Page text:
The method according to any of embodiments 1-20, wherein the deep learning algorithm comprises more than three layers.
The method according to any of embodiments 1-21, wherein the deep learning algorithm comprises two or more sub-networks.
A method for reconstructing an image from tomographic data obtained in an imaging process for any purpose (e.g., as biomedical imaging, non-destructive evaluation, and security screening), the method comprising:
performing at least one algorithmic step on a raw data-set or intermediate data-set (e.g., a processed sinogram or k-space data-set or an intermediate image) to obtain a final reconstructed image, the algorithmic step being from a machine learning algorithm (e.g., a deep learning algorithm that has more than three layers and/or comprises two or more sub-networks).
A system for reconstructing an image from raw data obtained by a medical imaging process, the system comprising:
a subsystem for obtaining medical imaging raw data;
at least one processor; and
a (non-transitory) machine-readable medium (e.g., a (non-transitory) computer-readable medium), in operable communication with the subsystem for obtaining medical imaging raw data and the at least one processor, having machine-executable instructions (e.g., computer-executable instruction) stored thereon that, when executed by the at least one processor, perform the method according to any of embodiments 1-23.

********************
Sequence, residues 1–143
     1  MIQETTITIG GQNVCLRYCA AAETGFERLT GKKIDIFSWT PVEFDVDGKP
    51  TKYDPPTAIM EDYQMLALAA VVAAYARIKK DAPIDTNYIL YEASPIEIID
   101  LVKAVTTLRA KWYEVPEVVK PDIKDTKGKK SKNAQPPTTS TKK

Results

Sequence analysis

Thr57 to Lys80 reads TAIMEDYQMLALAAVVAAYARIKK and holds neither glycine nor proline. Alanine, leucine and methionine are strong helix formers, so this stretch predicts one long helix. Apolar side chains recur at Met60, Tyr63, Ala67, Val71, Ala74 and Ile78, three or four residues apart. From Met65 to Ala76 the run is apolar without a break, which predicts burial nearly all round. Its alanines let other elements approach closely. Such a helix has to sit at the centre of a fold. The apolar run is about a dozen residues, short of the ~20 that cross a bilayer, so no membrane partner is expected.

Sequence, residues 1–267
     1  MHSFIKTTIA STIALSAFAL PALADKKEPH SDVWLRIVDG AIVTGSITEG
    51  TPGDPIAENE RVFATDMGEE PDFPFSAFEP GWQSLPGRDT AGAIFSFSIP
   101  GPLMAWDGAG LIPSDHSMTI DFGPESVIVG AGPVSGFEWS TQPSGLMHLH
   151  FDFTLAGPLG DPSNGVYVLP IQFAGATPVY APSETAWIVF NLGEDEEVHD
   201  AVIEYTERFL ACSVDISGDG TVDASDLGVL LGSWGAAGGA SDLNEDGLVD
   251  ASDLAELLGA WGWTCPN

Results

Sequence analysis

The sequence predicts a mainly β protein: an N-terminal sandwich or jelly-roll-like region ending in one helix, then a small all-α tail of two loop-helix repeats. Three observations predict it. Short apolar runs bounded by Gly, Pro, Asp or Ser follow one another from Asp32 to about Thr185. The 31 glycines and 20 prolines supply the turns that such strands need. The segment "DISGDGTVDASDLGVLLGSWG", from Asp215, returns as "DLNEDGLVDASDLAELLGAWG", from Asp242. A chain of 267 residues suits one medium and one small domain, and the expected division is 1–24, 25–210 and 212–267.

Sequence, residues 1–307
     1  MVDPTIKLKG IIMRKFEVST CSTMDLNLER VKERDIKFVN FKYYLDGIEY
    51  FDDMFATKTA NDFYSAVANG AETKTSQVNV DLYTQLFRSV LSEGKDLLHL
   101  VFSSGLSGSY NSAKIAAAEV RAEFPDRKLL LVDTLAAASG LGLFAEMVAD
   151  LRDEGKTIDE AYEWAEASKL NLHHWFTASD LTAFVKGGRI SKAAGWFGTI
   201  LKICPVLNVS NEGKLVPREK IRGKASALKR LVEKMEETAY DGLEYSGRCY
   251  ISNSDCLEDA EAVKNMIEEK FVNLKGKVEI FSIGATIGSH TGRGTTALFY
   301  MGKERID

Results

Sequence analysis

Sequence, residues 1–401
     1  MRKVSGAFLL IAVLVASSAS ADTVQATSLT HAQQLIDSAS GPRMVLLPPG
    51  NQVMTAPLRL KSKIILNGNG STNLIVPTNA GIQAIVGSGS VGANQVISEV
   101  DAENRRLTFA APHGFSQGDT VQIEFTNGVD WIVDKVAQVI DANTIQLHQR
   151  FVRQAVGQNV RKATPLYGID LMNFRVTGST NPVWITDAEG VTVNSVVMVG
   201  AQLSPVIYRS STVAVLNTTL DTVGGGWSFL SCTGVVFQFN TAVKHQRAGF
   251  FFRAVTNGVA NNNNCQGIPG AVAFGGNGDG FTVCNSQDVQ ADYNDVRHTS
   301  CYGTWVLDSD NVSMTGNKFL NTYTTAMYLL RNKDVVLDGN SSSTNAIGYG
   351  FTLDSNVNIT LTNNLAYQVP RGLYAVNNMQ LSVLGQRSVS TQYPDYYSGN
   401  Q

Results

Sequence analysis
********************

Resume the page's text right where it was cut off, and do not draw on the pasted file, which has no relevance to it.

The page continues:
The system according to embodiment 24, wherein the subsystem for obtaining medical imaging raw data comprises a CT scanner.
The system according to any of embodiments 24-25, wherein the subsystem for obtaining medical imaging raw data comprises a PET scanner.
The system according to any of embodiments 24-26, wherein the subsystem for obtaining medical imaging raw data comprises an Mill machine.
The system according to any of embodiments 24-27, wherein the subsystem for obtaining medical imaging raw data comprises an SPECT machine.
The method according to any of embodiments 1-23 or the system according to any of embodiments 24-28, wherein the raw data comprises features.
The method according to any of embodiments 7-23 or the system according to any of embodiments 24-29, wherein training the deep network comprises performing at least one fine-tuning technique and/or at least one feature selection technique on the deep network.
A greater understanding of the embodiments of the present invention and of their many advantages may be had from the following examples, given by way of illustration. The following examples are illustrative of some of the methods, applications, embodiments, and variants of the present invention. They are, of course, not to be considered as limiting the invention. Numerous changes and modifications can be made with respect to the invention.